Ruby Wizardry: An Introduction to Programming for Kids (2014)
Appendix B. Troubleshooting
When running your Ruby scripts or using IRB, you may run into some common errors. I’ve listed a few of them here, along with tips for fixing them!
Errors Running Ruby Scripts
There are two common errors that you might see when running Ruby scripts from the command line: Command Not Found and “no such file or directory.” Here are some suggestions for how to resolve them.
Command Not Found
If you’re running a Ruby script and you get some output that looks like this:
$: command not found
it probably means you accidentally typed a $ before your ruby command. I use the $ symbol to show you that you’re running a Ruby script from the command line with a filename (like ruby my_fancy_script.rb); you shouldn’t type the $ itself!
No Such File or Directory
If you get an error that looks like this:
No such file or directory -- some_filename.rb (LoadError)
it means you tried to run ruby some_filename.rb, but that file didn’t exist in the folder you’re currently in.
To fix this, first make sure you’re in the folder where you saved your Ruby script. You can change from one folder to another using the cd command (for “change directory”). See Creating Your First Script for help using the cd command.
If you’re in the correct folder and your command still gives you an error, double-check the spelling of your file! (I mistype the names of Ruby files all the time.)
Errors Using IRB
There are a few common errors that you might see when using IRB. Here’s how to fix them, along with some other handy tips for fixing typos and mistakes.
Undefined Local Variable or Method
If you try to call a method in IRB and get something like this:
NameError: undefined local variable or method `some_method_name' for
it means you tried to use a method that Ruby doesn’t know about. When you exit and restart IRB, Ruby forgets everything you were previously doing—so if you defined a method, exited IRB, and started it again, you’ll need to redefine that method to keep using it. (See Defining Your Own Methods if you need a refresher on how to define methods.) If your method is from a file, make sure you load that file using the command load 'your_file.rb', and if all else fails, double-check that you’ve spelled your method name correctly.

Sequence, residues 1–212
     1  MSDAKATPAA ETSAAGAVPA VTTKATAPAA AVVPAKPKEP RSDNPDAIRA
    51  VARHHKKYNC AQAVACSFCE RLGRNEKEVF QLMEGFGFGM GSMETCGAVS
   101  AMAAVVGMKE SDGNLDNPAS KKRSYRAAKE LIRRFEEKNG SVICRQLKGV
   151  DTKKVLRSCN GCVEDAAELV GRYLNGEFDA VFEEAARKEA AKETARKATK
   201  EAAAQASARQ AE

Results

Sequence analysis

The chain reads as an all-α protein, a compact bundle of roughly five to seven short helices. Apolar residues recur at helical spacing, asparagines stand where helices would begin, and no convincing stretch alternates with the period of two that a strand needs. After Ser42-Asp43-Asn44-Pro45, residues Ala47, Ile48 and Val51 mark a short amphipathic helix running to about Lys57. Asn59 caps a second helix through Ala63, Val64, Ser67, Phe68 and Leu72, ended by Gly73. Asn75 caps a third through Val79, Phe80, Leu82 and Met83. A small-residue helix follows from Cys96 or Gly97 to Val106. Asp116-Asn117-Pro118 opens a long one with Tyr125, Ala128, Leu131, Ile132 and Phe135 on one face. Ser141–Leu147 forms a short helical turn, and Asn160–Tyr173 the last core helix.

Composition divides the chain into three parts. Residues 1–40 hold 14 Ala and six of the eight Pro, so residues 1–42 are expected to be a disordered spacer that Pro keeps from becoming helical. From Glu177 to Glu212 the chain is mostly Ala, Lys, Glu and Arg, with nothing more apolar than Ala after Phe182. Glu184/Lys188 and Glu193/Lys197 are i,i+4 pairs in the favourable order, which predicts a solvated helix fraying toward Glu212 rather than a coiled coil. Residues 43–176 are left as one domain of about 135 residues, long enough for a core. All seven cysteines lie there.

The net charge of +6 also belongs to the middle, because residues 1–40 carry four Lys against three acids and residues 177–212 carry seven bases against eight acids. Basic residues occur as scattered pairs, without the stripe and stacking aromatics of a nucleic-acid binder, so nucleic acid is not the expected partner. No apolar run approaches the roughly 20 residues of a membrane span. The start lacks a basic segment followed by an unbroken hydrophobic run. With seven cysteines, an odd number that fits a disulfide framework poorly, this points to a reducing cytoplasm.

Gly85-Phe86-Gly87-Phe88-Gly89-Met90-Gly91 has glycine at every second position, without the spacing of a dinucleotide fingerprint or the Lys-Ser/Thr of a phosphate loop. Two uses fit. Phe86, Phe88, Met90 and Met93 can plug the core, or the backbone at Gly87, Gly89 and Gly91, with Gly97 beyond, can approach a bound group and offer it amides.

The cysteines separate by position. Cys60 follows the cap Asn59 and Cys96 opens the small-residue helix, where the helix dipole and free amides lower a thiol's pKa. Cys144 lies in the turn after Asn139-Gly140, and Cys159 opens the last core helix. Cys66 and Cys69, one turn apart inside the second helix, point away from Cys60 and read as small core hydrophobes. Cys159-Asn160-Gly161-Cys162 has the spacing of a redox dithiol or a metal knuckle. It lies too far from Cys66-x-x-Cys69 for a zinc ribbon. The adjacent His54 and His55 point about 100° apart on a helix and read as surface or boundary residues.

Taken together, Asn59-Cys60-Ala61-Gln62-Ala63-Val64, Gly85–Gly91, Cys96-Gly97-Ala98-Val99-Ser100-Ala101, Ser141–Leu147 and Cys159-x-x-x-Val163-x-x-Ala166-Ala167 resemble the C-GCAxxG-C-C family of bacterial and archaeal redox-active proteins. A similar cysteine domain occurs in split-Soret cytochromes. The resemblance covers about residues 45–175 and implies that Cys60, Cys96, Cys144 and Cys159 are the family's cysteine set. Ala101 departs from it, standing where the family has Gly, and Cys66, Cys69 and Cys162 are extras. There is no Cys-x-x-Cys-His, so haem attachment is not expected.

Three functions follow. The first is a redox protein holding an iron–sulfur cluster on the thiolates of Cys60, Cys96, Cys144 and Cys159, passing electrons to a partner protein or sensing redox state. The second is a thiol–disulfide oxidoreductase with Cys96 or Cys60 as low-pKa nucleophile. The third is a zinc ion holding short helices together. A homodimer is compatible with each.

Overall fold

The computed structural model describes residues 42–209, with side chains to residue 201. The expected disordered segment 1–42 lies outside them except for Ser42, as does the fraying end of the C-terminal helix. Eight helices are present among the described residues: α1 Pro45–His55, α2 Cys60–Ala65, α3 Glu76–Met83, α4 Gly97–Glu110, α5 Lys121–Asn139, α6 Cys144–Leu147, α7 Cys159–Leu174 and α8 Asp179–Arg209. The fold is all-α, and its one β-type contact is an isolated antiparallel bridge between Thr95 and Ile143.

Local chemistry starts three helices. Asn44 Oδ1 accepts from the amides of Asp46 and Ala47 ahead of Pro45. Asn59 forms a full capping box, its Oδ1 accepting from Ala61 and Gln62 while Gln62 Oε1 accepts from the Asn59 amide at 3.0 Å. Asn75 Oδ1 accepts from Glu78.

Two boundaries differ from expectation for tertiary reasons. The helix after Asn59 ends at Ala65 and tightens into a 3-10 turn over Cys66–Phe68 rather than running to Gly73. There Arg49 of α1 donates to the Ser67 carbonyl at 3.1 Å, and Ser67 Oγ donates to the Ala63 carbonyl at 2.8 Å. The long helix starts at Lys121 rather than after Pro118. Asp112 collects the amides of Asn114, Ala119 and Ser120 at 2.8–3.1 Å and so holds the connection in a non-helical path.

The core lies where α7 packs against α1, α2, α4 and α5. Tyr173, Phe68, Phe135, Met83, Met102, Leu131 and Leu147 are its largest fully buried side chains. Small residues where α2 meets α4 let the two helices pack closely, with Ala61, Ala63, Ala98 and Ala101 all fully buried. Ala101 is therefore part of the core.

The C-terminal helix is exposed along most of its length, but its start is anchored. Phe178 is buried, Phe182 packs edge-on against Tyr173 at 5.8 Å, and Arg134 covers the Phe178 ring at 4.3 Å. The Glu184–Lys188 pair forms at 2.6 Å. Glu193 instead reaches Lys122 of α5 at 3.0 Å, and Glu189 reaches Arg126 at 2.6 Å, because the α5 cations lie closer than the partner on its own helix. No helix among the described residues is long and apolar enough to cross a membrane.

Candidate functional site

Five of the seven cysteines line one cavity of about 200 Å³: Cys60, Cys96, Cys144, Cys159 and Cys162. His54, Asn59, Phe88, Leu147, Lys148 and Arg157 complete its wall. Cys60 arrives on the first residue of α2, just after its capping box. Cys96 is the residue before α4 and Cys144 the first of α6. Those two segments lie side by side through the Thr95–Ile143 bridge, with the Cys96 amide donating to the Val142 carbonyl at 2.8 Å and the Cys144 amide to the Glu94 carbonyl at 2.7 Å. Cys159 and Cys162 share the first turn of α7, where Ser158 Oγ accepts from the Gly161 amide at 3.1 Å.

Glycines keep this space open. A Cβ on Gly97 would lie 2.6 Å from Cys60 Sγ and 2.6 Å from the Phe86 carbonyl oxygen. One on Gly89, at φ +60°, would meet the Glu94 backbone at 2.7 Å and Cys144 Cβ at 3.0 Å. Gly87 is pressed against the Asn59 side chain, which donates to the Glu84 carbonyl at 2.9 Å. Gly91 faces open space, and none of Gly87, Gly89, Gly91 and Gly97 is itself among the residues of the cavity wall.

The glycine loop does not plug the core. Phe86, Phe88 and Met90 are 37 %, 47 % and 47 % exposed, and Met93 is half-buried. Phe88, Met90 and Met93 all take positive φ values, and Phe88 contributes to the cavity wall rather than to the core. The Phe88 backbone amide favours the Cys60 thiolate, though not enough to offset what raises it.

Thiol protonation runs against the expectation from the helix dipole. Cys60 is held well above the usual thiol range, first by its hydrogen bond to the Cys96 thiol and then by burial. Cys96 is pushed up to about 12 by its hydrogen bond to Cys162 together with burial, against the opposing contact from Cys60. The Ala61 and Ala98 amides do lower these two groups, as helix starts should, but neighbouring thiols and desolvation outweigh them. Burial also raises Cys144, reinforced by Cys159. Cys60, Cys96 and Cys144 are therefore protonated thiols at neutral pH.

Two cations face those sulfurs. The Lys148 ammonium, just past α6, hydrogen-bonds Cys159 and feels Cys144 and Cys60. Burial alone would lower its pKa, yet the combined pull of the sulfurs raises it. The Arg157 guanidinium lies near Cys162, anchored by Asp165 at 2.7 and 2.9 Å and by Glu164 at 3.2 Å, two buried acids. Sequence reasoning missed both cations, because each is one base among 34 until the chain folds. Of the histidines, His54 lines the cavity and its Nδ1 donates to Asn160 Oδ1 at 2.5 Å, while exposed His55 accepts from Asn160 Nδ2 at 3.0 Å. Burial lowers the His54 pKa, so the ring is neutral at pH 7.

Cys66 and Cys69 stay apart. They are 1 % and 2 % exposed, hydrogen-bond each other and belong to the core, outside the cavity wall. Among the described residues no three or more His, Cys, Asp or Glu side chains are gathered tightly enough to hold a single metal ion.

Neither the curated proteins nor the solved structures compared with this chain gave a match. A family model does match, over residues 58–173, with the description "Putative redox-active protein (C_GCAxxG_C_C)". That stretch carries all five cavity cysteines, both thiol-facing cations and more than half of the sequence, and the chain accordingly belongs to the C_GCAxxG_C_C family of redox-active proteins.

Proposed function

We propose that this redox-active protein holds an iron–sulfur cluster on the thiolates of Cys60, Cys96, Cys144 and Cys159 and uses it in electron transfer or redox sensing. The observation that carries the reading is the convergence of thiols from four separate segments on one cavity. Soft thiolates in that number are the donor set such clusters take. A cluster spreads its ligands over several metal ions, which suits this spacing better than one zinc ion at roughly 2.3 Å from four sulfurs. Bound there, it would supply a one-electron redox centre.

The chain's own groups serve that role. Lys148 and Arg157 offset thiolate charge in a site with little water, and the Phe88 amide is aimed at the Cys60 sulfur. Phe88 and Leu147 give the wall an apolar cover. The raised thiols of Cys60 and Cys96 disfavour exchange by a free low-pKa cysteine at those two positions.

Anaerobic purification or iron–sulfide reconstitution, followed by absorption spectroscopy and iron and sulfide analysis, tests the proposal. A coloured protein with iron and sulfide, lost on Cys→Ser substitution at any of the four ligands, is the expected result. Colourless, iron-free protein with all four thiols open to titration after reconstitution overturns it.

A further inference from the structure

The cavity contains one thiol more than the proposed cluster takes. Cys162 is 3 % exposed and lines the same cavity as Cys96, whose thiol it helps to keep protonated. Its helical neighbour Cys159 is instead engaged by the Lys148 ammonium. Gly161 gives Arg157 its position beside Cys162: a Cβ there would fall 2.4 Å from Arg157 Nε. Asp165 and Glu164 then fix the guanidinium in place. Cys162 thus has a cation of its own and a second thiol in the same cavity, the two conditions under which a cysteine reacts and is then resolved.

If you get an error that looks like this:
SyntaxError: (irb):1: syntax error, unexpected 'something_here'
it means you wrote Ruby code that’s not quite right, and IRB doesn’t know what to do with it. Double-check your code for tiny errors, like typos, missing commas between elements in arrays, or missing hash rockets (=>) or colons in hashes.
Can’t Convert nil into String
If you get an error like this:
TypeError: can't convert nil into String
it means you tried to do something with one Ruby type (like a string, integer, or nil), but Ruby expected a different type. This often happens when something is nil and you don’t know it; if you see this error, try putsing out the values of all your variables to make sure each one is the type of thing (string, integer, array, and so on) that you expect! (See Getting to Know IRB for help with the puts command and A Bit More About Variables for a refresher on the types of variables.)
You Were Saying . . . ?
From time to time, you might see Ruby print something like this:
This means that Ruby expects you to “finish your thought.” Usually it means you pressed ENTER without closing a string, or maybe the last thing you typed was a + or - sign. All you need to do is finish that thought—complete the expression you started to type, close the string or array you opened, or whatever it is Ruby is waiting for—and you’ll be all set. For example:
>> 1 +
If you have no idea what Ruby is waiting for, or you simply mistyped and want to start over, you can press CTRL-C to tell IRB not to wait for you. You’ll get your regular IRB prompt back and can continue from there. (For more about CTRL-C, see Investigating the Kingdom’s Web Server.)
Clear the Screen
Sometimes you’ll type a whole bunch in IRB and will want to clear the screen. You can do this in several ways, depending on which operating system you’re using. On a Mac, you can press ⌘-K or CTRL-L, or you can type system 'clear' into IRB and then press ENTER. If you’re using Linux, typing CTRL-L or entering system 'clear' should work. If you’re using Windows, typing CTRL-L or entering system 'cls' (not 'clear'!) should do the trick.
Go Back to a Previous Command
If at any point you want to go back to a previous command you typed into IRB, just hit the up arrow on your keyboard! This is great if you just cleared the screen and then realize you need to retype a command, or if you mistyped a command and want to try again without retyping everything you just did.
Look It Up!
Finally, if you ever see an error that you don’t know how to handle, go ahead and search for it on the Internet (after you get your local adult’s permission!). Everyone gets errors, so it’s likely that someone else has already figured out how to handle any error you might run into. Even the best programmers look up things they don’t know on a daily basis. The more comfortable you get hunting for answers when you’re stuck, the happier and more productive you’ll be when writing Ruby.
Visit http://nostarch.com/rubywizardry/ for updates, errata, and other information.